Connecting geospatial tech to villages for better agricultural planning
USAID, NASA, and partners develop a work plan for the second phase of SERVIR in West Africa (SERVIR WA 2) implemented by ICRISAT
SERVIR is a joint initiative of the National Aeronautics and Space Administration (NASA), the United States Agency for International Development (USAID), and leading geospatial organizations in Asia, Africa, and Latin America.
The first phase of its West Africa program was launched in 2016, and its second phase starting in 2022 will continue over the next five years in Burkina Faso, Ghana, Niger, Nigeria, Mali, and Senegal, as well as other West African countries.
Incorporating technological advances and reflecting changing West African priorities and contexts, SERVIR WA 2 aims to promote a regional market and sustainable ecosystem for Earth Observation services; strengthen regional capacity to deploy industrial-grade Earth Observation applications and achieve cross-sectoral economies of scale through public-private partnerships.
Achieving these goals will involve, among other things:
- increased attention to agricultural and food security and nutrition issues
- aligning Earth Observation in support of financial services and instruments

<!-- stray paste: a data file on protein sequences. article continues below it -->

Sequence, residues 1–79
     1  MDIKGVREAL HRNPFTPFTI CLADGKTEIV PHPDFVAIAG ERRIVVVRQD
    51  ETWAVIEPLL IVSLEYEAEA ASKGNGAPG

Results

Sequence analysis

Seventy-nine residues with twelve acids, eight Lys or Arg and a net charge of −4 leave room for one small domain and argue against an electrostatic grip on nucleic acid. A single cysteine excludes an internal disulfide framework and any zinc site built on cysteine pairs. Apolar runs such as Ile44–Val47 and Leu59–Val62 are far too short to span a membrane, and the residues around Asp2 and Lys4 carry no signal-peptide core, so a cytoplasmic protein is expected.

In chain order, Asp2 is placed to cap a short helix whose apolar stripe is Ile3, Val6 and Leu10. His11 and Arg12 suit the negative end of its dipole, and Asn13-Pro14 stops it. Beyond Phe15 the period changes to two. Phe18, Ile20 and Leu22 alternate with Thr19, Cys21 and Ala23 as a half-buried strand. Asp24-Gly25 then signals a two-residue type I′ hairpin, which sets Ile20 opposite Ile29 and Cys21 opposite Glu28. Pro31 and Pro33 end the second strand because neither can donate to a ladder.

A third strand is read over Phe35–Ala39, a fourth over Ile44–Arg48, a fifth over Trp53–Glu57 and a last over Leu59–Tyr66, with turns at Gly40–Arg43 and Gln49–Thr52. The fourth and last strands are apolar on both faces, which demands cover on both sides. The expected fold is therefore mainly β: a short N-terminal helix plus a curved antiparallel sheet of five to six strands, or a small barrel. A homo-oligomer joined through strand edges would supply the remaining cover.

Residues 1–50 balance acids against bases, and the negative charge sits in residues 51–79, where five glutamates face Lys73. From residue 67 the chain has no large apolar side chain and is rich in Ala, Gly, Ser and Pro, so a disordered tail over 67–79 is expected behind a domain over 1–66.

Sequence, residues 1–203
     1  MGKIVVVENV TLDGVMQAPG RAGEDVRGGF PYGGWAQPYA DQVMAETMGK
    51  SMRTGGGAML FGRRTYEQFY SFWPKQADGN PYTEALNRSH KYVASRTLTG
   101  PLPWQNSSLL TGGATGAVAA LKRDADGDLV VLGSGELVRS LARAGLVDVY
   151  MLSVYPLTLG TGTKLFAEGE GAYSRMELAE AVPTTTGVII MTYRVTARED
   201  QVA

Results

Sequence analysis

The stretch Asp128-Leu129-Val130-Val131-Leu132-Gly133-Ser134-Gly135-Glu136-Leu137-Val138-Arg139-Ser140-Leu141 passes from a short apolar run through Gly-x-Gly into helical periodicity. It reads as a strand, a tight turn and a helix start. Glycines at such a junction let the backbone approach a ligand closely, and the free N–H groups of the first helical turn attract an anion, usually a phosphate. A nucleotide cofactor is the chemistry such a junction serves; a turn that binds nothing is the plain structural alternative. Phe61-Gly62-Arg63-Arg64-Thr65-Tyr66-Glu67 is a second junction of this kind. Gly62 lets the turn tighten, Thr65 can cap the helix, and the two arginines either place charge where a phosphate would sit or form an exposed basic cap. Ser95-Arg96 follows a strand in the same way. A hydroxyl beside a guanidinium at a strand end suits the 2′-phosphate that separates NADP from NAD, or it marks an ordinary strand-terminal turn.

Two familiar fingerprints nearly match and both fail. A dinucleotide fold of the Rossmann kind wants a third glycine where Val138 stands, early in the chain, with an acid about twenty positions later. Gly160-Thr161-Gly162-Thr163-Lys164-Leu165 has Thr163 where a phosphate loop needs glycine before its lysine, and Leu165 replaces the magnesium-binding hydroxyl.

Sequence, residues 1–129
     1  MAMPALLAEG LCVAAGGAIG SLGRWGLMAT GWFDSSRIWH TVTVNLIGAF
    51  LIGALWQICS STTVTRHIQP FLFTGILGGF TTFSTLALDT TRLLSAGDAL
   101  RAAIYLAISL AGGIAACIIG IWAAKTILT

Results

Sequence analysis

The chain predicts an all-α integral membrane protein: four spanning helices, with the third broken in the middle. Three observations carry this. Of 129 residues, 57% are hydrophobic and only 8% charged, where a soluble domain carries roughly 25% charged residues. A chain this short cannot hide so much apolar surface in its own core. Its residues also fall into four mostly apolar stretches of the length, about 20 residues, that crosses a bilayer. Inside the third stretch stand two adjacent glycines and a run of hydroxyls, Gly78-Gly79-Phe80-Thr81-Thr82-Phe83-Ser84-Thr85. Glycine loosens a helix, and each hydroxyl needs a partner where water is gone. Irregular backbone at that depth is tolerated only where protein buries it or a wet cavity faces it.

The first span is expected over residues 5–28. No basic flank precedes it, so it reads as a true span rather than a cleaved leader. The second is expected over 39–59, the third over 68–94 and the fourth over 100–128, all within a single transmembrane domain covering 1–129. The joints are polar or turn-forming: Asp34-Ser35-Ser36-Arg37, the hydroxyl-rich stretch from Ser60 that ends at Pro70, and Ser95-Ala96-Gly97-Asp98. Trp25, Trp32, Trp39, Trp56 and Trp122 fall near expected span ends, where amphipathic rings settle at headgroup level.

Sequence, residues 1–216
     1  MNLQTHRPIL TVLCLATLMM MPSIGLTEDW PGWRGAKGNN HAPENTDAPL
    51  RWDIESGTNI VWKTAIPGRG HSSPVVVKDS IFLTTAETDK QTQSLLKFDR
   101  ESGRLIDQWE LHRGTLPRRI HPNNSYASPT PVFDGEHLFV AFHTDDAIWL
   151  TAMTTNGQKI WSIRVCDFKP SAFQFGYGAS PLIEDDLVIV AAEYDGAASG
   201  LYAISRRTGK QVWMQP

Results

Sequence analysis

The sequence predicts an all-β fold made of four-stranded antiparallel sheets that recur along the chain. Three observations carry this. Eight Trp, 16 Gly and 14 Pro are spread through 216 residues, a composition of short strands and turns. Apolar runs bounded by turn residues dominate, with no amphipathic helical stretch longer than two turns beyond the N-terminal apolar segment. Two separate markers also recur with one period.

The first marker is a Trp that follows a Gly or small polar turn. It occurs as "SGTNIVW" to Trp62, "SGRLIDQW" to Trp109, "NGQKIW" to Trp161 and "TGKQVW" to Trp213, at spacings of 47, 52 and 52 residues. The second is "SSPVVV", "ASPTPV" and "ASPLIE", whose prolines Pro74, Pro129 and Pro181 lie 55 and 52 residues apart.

- a pivot towards the applications of satellite imagery in urban areas
- the implementation of an innovative strategy for the industrialization of Earth Observation-based services; the development of partnerships – especially public-private ones – that are more agile and better able to pool entrepreneurial opportunities in the development of demand-driven services
- the acceleration of young people in the program, for example through a program of innovation grants in the fields of STEM (science, technology, engineering, and mathematics).
(SERVIR WA 2) is implemented by the International Crops Research Institute for the Semi-Arid Tropics (ICRISAT) in partnership with several West African institutions as well as universities and international organizations including the African Regional Institute for Geospatial Information Science and Technology (AFRIGIST, Ile-Ife, Nigeria); the Regional Center for Agrometeorology, Hydrology and Meteorology (AGRHYMET, Niamey, Niger); the Center for Remote Sensing and Geographic Information Services (CERSGIS, Accra, Ghana); the Centre de Suivi Écologique (CSE, Dakar, Senegal); the Higher Institute of Space Studies and Telecommunications (ISESTEL, Ouagadougou, Burkina Faso); the African Institute of Mathematical Sciences (AIMS, Mbour, Senegal and Cape Coast, Ghana); the University of Florida (Gainesville, USA); and Columbia University (New York, USA), through the Center for International Earth Science Information Network (CIESIN) and its International Research Institute for Climate and Society (IRI).
This work aligns with SDG 13